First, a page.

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  • Your boss, the head of the WHO, put out a mortality rate number yesterday

  • that had us all gasping frankly.

  • 3.4% mortality.

  • I would say that number is way under 1%.

  • Unlike Italy where the mortality rate is around 10%, the rate in the US

  • is closer to 1.5%.

  • In China, there's different numbers.

  • So why are Covid-19 fatality rates so varied?

  • Well, firstly, there's not just one rate.

  • There's one that helps you understand an outbreak.

  • And then there's two more, which will tell you the risk of dying.

  • Let's take a look at how they work.

  • During the outbreak of a new disease, you likely only know that some people have

  • been infected and some of those people have sadly died.

  • If 10 people have been infected and one infection has ended in fatality,

  • is tempting to conclude that this illness has a fatality rate of 1 in 10 or 10%.

  • But that's not accurate.

  • The problem is that there's a time lag between when someone gets infected and

  • when they either recover or succumb to the illness.

  • To get a more accurate number, you should only count those cases

  • that have resolved.

  • In this example, five infections have resolved so by excluding unresolved cases,

  • as we should, our fatality rate has risen to 20%.

  • This is a useful number.

  • It's the case fatality rate.

  • It's the number that you've probably been hearing the most.

  • This number helps to guide our response.

  • We can separate big populations into smaller groups

  • and discover which are most vulnerable.

  • And we can also see how effective different treatments are.

  • Definitely helpful things to know.

  • So is this number the risk of dying too?

  • No.

  • Remember, there are two other fatality rates for that,

  • But we can't get to them just yet.

  • Why?

  • Well especially early on in an outbreak we're still missing lots of information.

  • We definitely haven't counted all infected people.

  • We're missing those that have not been tested.

  • Perhaps, because of a shortage of tests.

  • We're missing those that didn't seek medical attention

  • and we're missing asymptomatic cases.

  • If we found lots of these cases, it would bring our fatality rate down.

  • But early on, we just can't be sure about how big these groups are.

  • Counting fatalities seems simpler.

  • But it's not.

  • If a person with another serious condition gets infected and then dies,

  • is that a fatality from the infection or from the condition?

  • Or both?

  • Fatalities can be undercounted too.

  • In some places, Covid-19 fatality counts have initially only included those

  • within the Health System,

  • with delays in counting fatalities in people's homes and care homes.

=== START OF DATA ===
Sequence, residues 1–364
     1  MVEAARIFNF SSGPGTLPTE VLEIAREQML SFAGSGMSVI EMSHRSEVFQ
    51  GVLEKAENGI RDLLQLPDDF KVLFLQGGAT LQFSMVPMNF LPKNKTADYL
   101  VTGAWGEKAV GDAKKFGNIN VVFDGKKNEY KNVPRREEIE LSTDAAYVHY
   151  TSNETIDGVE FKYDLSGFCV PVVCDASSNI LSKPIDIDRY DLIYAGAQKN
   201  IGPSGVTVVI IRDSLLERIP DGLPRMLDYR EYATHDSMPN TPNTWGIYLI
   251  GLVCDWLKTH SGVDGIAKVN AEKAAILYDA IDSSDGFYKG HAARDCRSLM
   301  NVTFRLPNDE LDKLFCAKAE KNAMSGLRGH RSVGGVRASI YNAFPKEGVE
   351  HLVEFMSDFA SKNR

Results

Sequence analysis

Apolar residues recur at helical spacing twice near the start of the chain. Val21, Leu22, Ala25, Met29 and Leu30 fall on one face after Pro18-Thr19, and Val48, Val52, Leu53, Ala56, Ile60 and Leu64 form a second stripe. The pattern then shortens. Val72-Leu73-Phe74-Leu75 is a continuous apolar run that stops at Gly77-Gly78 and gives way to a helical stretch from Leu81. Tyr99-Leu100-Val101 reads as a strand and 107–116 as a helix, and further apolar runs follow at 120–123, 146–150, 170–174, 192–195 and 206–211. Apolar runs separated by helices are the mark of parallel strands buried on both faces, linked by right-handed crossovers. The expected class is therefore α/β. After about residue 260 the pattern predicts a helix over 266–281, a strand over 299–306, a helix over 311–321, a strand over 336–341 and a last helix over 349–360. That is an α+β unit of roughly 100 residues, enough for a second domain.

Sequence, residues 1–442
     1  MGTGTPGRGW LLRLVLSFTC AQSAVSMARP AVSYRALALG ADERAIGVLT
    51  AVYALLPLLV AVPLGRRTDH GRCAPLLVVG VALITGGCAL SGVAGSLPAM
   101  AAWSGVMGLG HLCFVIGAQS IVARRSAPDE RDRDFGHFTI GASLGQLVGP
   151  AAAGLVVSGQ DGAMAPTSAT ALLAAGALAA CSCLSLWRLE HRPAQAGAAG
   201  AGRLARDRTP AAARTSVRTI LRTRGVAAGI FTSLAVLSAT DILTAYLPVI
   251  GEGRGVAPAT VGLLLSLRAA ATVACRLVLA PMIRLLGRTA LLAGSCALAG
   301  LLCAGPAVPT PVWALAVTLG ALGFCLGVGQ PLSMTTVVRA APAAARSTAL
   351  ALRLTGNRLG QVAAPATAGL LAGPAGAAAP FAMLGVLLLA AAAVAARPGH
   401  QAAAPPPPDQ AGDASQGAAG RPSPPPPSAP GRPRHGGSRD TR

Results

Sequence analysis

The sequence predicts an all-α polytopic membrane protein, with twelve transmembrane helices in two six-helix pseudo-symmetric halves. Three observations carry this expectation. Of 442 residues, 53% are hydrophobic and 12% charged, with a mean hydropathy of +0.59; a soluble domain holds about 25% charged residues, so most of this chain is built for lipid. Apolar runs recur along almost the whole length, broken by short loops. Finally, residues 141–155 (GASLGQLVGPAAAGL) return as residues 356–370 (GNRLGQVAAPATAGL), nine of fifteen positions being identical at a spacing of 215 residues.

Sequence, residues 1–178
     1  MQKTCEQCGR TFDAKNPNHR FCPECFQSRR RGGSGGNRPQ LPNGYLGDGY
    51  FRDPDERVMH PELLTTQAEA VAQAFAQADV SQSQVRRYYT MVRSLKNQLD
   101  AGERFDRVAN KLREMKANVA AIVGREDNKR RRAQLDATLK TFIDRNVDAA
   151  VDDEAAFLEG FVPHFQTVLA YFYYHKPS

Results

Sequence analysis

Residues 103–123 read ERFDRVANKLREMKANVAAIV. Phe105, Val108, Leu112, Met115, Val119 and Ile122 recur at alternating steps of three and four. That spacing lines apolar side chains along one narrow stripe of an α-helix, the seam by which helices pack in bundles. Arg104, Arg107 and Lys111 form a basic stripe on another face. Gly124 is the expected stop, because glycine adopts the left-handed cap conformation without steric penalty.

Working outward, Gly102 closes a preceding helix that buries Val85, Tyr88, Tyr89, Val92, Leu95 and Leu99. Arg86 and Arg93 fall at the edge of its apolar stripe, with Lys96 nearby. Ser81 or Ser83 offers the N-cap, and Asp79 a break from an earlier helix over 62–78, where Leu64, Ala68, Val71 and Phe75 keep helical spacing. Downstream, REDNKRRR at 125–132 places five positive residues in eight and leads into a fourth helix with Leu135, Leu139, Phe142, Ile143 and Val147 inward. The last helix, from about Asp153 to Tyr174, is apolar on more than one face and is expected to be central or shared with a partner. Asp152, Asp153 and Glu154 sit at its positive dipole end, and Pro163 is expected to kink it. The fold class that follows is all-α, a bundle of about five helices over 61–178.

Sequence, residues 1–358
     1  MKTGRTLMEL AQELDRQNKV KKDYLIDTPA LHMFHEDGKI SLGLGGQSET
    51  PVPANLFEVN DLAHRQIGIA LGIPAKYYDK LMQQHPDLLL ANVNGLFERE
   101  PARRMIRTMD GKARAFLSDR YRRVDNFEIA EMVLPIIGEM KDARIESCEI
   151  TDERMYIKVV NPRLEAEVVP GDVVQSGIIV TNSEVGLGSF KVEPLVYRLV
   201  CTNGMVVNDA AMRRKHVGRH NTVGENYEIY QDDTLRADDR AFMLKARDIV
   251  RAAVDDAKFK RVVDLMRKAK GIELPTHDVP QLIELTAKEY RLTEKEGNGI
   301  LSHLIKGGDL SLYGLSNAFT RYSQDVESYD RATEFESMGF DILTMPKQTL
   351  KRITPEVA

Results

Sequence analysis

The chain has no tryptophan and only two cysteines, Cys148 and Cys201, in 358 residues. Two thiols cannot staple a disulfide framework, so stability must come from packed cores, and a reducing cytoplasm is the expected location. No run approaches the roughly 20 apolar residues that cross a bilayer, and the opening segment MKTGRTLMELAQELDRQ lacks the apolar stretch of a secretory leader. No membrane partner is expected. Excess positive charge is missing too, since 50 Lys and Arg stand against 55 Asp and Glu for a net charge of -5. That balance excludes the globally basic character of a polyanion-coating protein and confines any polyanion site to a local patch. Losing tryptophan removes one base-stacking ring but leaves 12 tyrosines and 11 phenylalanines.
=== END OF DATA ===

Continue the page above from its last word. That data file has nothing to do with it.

• So when the count eventually catches up the fatality rate will rise.

  • So over time, as we fill in the gaps in our knowledge,

  • our case fatality rate will get closer to the number we probably want to know:

  • the risk of dying.

  • but our case fatality rate will never get us completely there.

  • Why?

  • Because by definition we're only counting known cases.

  • We could be missing loads of hidden infections.

  • These guys.

  • To try to fill in these gaps and tell us our risk of dying we can turn to our last two rates.

  • There's the Infection Fatality Rate.

  • It tells us the risk of dying if you get infected.

  • This is achieved by randomly testing a group of people.

  • This then picks up every case,

  • giving us a truer representation of the number of infections.

  • And subsequently, what share ended with a fatality.

  • Then there's the Crude Mortality Rate.

  • That tells us the risk of dying relative to the whole population.

  • Or put another way, what portion of the population has died from this disease.

  • But because we don't know how many people will end up being infected.

  • We won't know this figure until the disease has run its course.

  • So, we have three types of fatality rate:

  • two that give us a risk of dying for those infected and whole populations.

  • And a third that, though dealing with partial information, is incredibly useful

  • for understanding of disease and understanding which treatments are most effective.

  • Knowing what these numbers are for and what information they're based on

  • means that we can use them more effectively.

Your boss, the head of the WHO, put out a mortality rate number yesterday

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コロナウイルスの死亡率が違う理由 (Why coronavirus death rates are so different)

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    Amy.Lin に公開 2021 年 01 月 14 日
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